I was so pleased to see the government and law enforcement officers taking human trafficking seriously (BP, Jan 13). Does this mean they will arrest the several criminal gangs and hundreds of Uzbekistan and Eastern European prostitutes that work every night in the Sukhumvit Soi 3 and Soi 4 area?
Does this mean that the hundreds of illegal prostitutes from Eastern Europe who send their earnings out of Thailand, pay no tax and have no work permits, many of whom are trafficked ... will all be gone? Everybody knows about them as they live in the condominiums around that area and are seen every night in the streets plying their trade.
I wonder why it is that as we work hard, pay tax and have work permits. why it is these criminals can work illegally in full view of everyone but no one does anything. So it is so good to hear the police and government want people to report it and they will do something. Well done. I am sure all the decent people of Thailand and taxpayers will be happy to see this gone from their country.
Hard to show respect
Islam has a problem with criticism and ridicule, and humour — a characteristic of evolved and civilised institutions and societies — is an absolute no-no. However, when the boot is on the other foot many Muslims are happy to hand it out to others, hate speech being but one of a number of examples.
Sadly, Islamic institutional leadership is weak or self-serving. Tyrants and bullies fear ridicule. Those not confident in their belief systems fear criticism.
Double standards and hypocrisy, denial, lack of awareness, and immaturity are all in abundance but it should be acknowledged that all conventional religions suffer these acute psychological ailments and leadership issues.
Religions demand one-sided respect (and one does try to be amenable) but it is enormously difficult to offer reverence to so much all-inclusive brainwashing nonsense. It really is time for humanity in general to grow up — to move on from the current low intelligence and behavioural levels of “football club religion”.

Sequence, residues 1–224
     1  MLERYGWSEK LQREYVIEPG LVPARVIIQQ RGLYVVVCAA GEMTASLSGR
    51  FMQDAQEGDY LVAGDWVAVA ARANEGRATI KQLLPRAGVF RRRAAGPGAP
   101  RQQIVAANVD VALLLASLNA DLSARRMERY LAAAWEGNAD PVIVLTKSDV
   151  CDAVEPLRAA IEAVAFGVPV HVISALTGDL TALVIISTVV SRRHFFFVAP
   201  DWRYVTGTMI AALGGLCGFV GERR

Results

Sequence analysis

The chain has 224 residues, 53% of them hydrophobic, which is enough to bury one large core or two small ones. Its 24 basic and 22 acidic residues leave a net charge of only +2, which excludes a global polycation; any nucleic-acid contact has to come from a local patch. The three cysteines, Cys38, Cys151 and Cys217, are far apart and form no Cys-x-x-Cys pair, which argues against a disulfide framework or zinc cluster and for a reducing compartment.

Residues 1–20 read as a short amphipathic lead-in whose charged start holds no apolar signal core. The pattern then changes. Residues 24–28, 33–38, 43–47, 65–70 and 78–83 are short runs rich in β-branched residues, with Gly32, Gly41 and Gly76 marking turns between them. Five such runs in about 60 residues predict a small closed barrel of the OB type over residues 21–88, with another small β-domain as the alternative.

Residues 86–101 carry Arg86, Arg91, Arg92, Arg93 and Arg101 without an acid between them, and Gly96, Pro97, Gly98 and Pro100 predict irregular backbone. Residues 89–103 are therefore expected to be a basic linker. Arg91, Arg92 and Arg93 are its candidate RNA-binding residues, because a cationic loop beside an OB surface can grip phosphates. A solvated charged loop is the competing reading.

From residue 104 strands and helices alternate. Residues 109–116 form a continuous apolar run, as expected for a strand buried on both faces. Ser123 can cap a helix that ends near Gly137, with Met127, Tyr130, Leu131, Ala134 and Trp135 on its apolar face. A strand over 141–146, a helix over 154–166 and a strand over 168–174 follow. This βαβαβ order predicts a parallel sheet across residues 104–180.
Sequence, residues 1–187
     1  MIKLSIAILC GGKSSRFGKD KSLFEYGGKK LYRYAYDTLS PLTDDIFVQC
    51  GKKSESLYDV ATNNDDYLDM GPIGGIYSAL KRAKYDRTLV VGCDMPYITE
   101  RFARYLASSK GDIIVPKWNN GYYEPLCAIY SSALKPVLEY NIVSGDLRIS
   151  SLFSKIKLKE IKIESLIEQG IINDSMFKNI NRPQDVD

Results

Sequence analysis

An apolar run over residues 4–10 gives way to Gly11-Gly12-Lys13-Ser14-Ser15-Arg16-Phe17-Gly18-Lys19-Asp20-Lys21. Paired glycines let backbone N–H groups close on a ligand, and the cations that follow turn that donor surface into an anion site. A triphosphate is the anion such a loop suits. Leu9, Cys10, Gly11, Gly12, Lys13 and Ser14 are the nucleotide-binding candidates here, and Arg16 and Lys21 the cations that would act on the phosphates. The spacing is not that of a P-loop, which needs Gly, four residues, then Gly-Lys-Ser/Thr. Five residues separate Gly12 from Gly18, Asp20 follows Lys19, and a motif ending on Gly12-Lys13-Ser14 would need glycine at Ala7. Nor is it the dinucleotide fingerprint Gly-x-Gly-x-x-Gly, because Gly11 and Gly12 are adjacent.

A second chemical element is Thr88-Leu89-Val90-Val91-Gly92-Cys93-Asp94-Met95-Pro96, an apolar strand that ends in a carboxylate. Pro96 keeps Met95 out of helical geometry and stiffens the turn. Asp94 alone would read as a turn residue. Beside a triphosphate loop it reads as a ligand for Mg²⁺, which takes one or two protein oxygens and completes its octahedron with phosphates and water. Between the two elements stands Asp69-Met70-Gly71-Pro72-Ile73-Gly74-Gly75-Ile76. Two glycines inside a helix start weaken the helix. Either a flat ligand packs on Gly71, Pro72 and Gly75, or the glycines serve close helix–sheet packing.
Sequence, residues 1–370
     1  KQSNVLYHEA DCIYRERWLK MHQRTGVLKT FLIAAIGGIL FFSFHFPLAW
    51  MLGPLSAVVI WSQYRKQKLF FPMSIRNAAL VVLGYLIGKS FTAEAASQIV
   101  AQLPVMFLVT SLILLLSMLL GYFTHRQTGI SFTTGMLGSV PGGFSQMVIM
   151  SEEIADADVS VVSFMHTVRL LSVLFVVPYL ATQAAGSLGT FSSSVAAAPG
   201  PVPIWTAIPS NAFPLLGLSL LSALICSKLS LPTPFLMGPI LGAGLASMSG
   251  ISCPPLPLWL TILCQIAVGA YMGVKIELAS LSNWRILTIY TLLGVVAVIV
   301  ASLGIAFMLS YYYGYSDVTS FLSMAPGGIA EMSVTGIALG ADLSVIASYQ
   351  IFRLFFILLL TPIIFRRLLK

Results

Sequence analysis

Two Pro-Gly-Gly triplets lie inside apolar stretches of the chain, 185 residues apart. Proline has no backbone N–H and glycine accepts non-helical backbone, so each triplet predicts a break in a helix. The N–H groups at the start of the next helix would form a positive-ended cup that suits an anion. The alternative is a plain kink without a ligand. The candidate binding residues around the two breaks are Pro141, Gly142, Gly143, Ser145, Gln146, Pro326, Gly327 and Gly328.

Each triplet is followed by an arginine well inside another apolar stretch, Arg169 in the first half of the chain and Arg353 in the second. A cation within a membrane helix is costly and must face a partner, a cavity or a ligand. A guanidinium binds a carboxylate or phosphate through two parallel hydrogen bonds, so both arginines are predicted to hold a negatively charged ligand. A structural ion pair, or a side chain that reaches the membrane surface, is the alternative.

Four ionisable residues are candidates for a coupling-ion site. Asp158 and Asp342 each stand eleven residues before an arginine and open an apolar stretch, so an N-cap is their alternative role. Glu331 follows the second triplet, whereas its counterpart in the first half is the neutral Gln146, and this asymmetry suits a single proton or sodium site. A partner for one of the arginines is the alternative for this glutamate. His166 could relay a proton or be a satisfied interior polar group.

Cops turn a blind eye
Barry Kenyon (Re: “No room to jail drivers”, PostBag, Jan 13) has it right when it comes to the priorities of the traffic police. People are pulled over because of illegal left turns, for not wearing helmets and for document checks, but have you ever seen anybody stopped for speeding in city streets or narrow sois?
About 30% of the farang I know here in Pattaya are victims of reckless drivers who were speeding or doing dangerous sudden turns. My best friend is gone.
He is not dead, but was left with a severe brain injury after a hit-and-run accident in Jomtien. He now lives in a sheltered home back in Europe.
What a great way to “enjoy” his retirement days. So, when are the police going to wake up and get their priorities right by setting up their forces to stop traffic behaviour that kills people or disables them for life — instead of concentrating on minor traffic offences that only bring in money?
Are the police only uneducated, greedy, lazy fat cats? Watching big flat-screen TVs in their police boxes, sponsored by private companies?
Or sitting under shady trees armed with a camping chair, coffee cup, and cigarettes, waiting for victims of the almost invisible one-way traffic sign on Walking Street? What a waste of police capacity.
A North Country Man
Poll change too risky
Transferring the power to organise elections and penalise poll candidates to the Interior Ministry is a potentially disastrous move (ThaiPulse, BP, Jan 13). Elections in Thailand are fragile and easily manipulated by those with power.
Recent history tells us the record at the ministry has been abysmal both in terms of performance and integrity. Placing the fox in charge of the chickens will never bring an end to endemic electoral fraud.
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